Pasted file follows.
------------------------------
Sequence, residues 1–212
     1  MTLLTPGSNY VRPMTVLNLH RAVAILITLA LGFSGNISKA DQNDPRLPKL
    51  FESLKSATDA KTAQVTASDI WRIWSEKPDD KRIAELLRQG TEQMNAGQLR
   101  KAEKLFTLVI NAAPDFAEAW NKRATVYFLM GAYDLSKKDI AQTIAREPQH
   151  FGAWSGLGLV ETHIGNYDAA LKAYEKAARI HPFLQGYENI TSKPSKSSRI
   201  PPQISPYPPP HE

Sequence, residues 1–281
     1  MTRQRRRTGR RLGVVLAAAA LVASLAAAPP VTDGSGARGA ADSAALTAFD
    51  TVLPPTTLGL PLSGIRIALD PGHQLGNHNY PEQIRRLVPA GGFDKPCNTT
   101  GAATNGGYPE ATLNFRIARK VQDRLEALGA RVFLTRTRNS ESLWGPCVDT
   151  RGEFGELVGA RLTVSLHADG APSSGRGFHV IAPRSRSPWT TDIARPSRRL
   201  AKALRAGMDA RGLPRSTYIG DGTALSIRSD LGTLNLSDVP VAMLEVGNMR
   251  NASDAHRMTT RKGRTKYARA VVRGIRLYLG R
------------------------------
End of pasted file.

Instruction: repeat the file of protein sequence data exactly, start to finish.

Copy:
Sequence, residues 1–212
     1  MTLLTPGSNY VRPMTVLNLH RAVAILITLA LGFSGNISKA DQNDPRLPKL
    51  FESLKSATDA KTAQVTASDI WRIWSEKPDD KRIAELLRQG TEQMNAGQLR
   101  KAEKLFTLVI NAAPDFAEAW NKRATVYFLM GAYDLSKKDI AQTIAREPQH
   151  FGAWSGLGLV ETHIGNYDAA LKAYEKAARI HPFLQGYENI TSKPSKSSRI
   201  PPQISPYPPP HE

Sequence, residues 1–281
     1  MTRQRRRTGR RLGVVLAAAA LVASLAAAPP VTDGSGARGA ADSAALTAFD
    51  TVLPPTTLGL PLSGIRIALD PGHQLGNHNY PEQIRRLVPA GGFDKPCNTT
   101  GAATNGGYPE ATLNFRIARK VQDRLEALGA RVFLTRTRNS ESLWGPCVDT
   151  RGEFGELVGA RLTVSLHADG APSSGRGFHV IAPRSRSPWT TDIARPSRRL
   201  AKALRAGMDA RGLPRSTYIG DGTALSIRSD LGTLNLSDVP VAMLEVGNMR
   251  NASDAHRMTT RKGRTKYARA VVRGIRLYLG R